Is it just me, or do I get the impression that APUG is dominated by LF landscape, Ansel Adam lovers?
“The contemplation of things as they are, without error or confusion, without substitution or imposture, is in itself a nobler thing than a whole harvest of invention”
I occasionally feel the same, but my own work could not be farther from that...
Looking at the gallery, I don't necessarily get that feeling. Maybe we just make that connection to landscapes shot in BW because his were so prolific?
No I disagree, but I do not like shooting portraits myself.
Warning!! Handling a Hasselblad can be harmful to your financial well being!
Nothing beats a great piece of glass!
I leave the digital work for the urologists and proctologists.
Strange, I don't find this to be the case at all. Quite the opposite. I find APUG to be mostly interested in Portraiture, "decisive moments"/HCB-lovers, and alternative processes (lith, multi-toning etc).
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It's not surprising that landscape features strongly in APUG in the form of large format photography.
Landscape as a genre offers a rich metaphoric space for visual commentary on virtually everything except perhaps the minutae of ever shifting personal relations. The messages of landscape are carried in its textures, tones, and spaces and these qualities are just what the slow but fine large format camera accesses better than anything else.
But it's not all one thing at APUG. I bet there are even some beguiled members of the Henri Cartier-Bresson fan club here, maybe a Minox enthusiast or two, and doubtless some digital lurkers. E pluribus unum and all that.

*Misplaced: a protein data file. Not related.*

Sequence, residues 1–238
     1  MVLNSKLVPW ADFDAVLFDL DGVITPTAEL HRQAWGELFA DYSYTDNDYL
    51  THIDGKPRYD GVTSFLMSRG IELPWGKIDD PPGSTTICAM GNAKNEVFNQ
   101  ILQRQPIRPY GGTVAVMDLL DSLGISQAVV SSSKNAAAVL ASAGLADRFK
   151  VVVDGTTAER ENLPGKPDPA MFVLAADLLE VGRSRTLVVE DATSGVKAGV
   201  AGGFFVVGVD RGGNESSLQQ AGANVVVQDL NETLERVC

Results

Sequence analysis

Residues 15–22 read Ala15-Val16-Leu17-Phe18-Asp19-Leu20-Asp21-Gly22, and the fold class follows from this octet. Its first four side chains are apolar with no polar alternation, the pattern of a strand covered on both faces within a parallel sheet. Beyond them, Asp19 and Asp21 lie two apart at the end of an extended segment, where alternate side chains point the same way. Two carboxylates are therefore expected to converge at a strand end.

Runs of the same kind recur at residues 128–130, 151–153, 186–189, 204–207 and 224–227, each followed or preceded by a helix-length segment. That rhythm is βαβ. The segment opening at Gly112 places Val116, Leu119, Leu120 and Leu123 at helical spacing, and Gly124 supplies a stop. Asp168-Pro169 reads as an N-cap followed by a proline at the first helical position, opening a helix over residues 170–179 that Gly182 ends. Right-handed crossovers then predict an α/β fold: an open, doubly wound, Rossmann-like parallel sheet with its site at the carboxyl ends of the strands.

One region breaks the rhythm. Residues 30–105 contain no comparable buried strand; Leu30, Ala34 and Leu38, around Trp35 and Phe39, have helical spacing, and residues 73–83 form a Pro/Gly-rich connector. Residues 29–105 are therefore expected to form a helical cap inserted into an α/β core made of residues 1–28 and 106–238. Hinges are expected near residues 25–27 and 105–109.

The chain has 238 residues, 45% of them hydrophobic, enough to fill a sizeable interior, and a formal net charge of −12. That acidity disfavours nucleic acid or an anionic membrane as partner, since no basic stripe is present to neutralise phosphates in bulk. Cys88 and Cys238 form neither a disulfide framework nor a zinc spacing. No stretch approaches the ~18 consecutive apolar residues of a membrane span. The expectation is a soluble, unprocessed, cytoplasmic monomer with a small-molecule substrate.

Photography, the word itself, invented and defined by its author Sir John.F.W.Herschel, 14 March 1839 at the Royal Society, Somerset House, London. Quote "...Photography or the application of the Chemical rays of light to the purpose of pictorial representation,..". unquote.
The late, great Per Volquartz described this as an incestuous relationship, and I suppose that he's right. On the other hand, he shot some glorious landscapes in the same geography that attracted St. Ansel... and landscape is perhaps the most accessible subject matter.
Originally Posted by cliveh
And one of the most patient.
Originally Posted by keithwms
Except maybe for graveyards. Those people are marvelously accessible and patient.
"The richness of the experience that occurs when one is exposed tangibly to a subject, material, or process is unmatchable in the abstract... Thus, when 'touch it,' 'taste it,' smell it' become the watchwords, the results are most often extraordinary. Equally extraordinary are the lengths to which people will go to avoid [that] experience."
— Tom Peters and Robert H. Waterman Jr., In Search of Excellence, 1982
This makes a lot of sense to me, about the view camera and landscape. A lot of photographers, I believe, feel that there's a natural progression to 'graduate' to bigger formats, as if they are better or more impressive. And when they start shooting sheet film, I think they realize how much more time and patience is required to set up a frame, that they sort of progress toward the landscape, to paraphrase Keith's post above, because the subject matter patiently waits for them to be ready.
Originally Posted by Maris
This was true for me when I went from 120 to 4x5, and I think it is in that transition that people either go 'woohoo, I found the perfect tool', or 'this isn't working for me'. Since so many people shoot landscape anyway, I just think that it's natural that so many folk shoot landscape with a view camera.
I cheer every time I see people breaking out of norms, shooting landscape with 35mm Tri-X or does street photography with a Hasselblad.
"...the heart and mind are the true lens of the camera".
- Yousuf Karsh
"We are what we repeatedly do. Excellence, then, is not an act, but a habit".
I think its unfair categorising the APUG community based on what you see in the Galleries. I have been meaning to start a thread about it, because I think the galleries are pretty much dead.
Originally Posted by Klainmeister